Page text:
For each of the three research lessons, we now provide a table showing the key points made in the final comments, in the order that Nakamura made them. For each lesson, we focus on one or two of these comments in more detail in order to illuminate the kinds of remarks he made.
Research Lesson 1
This research lesson focused on decimals and aimed at enriching students’ number sense by considering the number 2.8 in two ways: as a point on a number line and as a result of addition and subtraction calculations (e.g., 3 − 0.2, 2 + 0.8, etc.). In the introduction to the lesson, the teacher also asked students to think about the number 280 in different ways and then asked the students to consider the relationship between 2.8 and 280.
In the Post-lesson Discussion of this research lesson, seven final comments were made by Nakamura (see Table 2), and we focus below on one of these that we feel is particularly useful in illustrating Nakamura’s approach to making final comments.
Thinking about the order in which students’ representations are shared (Comment 1.2 in Table 2)
In response to the prompt “Let’s express 2.8 using words, expressions and number lines,” the students offered “2 + 0.8,” “3 − 0.2,” and “0.1 × 28” (see Fig. 1).
In the Post-lesson Discussion, Nakamura focused on the order in which the teacher shared the students’ representations when comparing and discussing. First, the teacher called on Yumi (all student names here are pseudonyms), who thought of the number line when considering 2.8. The teacher then called on Yosuke, who thought of the expression “2 + 0.8.” Finally, the teacher asked that the number line and expressions be expressed in words. Next, the teacher examined the idea of “3 − 0.2.” First, the teacher called on Kaori, who explained the idea with words. Specifically, Kaori said that “2.8 has dropped by 2 from 3” and “the number has dropped 0.2.” The teacher then asked, “What expression could represent this?” and the student answered “3 − 0.2.” The teacher then let the student draw a number line.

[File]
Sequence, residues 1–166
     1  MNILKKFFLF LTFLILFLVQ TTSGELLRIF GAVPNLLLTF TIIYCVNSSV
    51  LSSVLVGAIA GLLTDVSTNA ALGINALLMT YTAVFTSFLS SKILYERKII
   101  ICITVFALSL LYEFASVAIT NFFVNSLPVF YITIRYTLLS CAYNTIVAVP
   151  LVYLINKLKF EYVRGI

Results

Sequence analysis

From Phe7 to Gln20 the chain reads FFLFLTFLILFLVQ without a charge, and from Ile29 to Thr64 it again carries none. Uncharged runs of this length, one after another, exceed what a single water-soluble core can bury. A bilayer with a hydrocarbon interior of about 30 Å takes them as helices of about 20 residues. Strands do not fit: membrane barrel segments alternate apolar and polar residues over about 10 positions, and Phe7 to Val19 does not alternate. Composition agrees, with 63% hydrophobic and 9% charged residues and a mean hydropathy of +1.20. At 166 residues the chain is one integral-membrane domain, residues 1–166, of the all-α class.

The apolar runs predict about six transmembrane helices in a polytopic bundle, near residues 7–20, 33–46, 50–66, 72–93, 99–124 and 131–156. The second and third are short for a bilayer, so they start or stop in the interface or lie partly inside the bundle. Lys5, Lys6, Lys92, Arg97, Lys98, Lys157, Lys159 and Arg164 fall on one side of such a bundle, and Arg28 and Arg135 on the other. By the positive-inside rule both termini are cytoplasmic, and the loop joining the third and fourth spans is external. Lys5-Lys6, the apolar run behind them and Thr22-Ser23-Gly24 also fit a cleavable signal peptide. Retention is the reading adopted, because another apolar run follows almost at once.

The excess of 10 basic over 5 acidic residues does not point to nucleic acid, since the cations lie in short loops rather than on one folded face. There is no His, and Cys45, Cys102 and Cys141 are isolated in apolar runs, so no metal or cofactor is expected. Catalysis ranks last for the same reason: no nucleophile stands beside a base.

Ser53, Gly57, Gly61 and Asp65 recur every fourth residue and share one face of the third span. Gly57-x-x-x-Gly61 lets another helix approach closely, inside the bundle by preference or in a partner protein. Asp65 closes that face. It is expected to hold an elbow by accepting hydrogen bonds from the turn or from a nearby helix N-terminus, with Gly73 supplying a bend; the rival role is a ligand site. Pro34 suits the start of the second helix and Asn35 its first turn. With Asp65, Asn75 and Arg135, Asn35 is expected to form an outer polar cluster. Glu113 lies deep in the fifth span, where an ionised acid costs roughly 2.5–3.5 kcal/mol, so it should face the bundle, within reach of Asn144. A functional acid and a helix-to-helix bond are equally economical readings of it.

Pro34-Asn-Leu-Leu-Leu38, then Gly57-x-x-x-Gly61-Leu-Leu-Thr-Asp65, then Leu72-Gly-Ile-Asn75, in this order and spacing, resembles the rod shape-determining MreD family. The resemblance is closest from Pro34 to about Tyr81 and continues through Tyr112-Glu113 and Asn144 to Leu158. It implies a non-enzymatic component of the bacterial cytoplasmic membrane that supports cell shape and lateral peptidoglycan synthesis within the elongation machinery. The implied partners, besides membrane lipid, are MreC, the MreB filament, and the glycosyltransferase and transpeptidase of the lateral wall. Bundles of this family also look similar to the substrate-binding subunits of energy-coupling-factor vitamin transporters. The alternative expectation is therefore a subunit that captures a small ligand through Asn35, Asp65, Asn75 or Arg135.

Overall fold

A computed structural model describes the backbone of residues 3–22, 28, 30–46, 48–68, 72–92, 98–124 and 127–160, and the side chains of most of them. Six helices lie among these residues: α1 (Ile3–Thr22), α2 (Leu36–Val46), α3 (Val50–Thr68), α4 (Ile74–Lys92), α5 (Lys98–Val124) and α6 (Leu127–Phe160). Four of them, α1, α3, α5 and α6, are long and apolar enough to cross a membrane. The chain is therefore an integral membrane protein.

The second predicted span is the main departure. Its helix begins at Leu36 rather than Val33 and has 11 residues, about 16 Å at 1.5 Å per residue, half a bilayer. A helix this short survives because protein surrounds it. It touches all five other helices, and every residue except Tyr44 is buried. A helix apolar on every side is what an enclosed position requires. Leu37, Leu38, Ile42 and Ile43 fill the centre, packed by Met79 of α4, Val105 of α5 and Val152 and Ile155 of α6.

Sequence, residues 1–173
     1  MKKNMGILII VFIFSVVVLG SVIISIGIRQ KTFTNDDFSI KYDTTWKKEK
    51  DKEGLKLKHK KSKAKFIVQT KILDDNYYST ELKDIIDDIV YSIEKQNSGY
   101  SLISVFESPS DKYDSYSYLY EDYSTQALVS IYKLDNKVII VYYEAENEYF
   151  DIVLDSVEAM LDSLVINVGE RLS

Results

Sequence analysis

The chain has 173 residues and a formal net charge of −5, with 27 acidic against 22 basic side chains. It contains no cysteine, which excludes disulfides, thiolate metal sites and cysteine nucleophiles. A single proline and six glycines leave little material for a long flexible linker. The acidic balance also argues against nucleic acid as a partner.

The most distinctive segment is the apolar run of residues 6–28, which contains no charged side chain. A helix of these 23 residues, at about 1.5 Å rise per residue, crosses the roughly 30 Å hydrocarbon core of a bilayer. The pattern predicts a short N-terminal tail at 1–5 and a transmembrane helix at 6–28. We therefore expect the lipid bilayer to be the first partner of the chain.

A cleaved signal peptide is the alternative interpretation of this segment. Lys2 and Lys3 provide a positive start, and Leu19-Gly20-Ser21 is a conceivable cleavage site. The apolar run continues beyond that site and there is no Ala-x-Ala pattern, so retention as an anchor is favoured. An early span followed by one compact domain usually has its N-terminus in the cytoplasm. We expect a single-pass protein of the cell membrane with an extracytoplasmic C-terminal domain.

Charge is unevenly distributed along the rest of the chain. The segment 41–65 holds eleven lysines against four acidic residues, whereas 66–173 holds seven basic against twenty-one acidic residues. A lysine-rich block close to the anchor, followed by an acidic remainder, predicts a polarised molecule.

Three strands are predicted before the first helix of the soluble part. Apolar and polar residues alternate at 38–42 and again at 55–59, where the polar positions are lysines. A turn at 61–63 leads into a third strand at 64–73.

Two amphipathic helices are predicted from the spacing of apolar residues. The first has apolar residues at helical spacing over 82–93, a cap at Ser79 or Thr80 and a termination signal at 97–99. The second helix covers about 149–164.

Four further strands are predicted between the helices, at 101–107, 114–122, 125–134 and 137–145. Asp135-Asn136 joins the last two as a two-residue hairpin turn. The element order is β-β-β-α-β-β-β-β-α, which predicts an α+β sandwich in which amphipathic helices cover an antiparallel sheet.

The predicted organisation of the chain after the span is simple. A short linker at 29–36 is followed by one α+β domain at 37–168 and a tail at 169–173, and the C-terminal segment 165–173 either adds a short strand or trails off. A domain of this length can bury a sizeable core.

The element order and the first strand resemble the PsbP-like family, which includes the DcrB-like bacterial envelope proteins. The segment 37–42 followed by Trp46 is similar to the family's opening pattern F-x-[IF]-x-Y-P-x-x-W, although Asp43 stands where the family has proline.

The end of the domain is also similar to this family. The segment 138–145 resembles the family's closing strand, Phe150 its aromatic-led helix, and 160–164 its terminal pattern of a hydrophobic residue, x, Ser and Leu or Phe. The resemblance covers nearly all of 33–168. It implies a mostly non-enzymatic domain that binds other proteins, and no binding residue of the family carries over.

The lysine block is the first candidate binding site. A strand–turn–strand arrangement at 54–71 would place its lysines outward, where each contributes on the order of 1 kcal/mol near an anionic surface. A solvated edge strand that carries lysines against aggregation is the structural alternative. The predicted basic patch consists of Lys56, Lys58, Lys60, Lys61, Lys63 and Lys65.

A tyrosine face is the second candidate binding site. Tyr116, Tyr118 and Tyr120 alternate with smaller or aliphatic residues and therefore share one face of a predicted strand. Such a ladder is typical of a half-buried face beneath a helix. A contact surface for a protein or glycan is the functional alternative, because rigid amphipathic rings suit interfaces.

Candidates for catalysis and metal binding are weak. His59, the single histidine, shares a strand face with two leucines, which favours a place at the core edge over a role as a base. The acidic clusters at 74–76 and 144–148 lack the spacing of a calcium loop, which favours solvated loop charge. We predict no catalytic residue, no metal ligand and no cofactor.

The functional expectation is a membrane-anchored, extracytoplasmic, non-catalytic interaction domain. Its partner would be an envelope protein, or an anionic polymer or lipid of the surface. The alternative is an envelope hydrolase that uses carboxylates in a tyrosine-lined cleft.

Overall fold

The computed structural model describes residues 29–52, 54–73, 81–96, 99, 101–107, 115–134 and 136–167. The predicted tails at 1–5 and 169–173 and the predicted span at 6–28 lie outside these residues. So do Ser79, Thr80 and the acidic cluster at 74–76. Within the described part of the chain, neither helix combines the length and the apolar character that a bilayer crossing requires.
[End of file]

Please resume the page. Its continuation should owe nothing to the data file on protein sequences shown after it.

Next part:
Nakamura said that it is important to clarify what the student was thinking when she said, “the number has dropped 0.2,” and the number line was a useful tool to clarify this idea. Nakamura pointed out that because 0.2 in the words “the number has dropped 0.2” signifies two gradations on a number line, in order to make the student’s idea clearer, the teacher could have taken up the idea of going down two gradations, rather than bringing in the idea of using an expression. In other words, if the teacher had deepened the meaning using Kaori’s idea, Nakamura thought that the order of words, number lines, and expressions was good.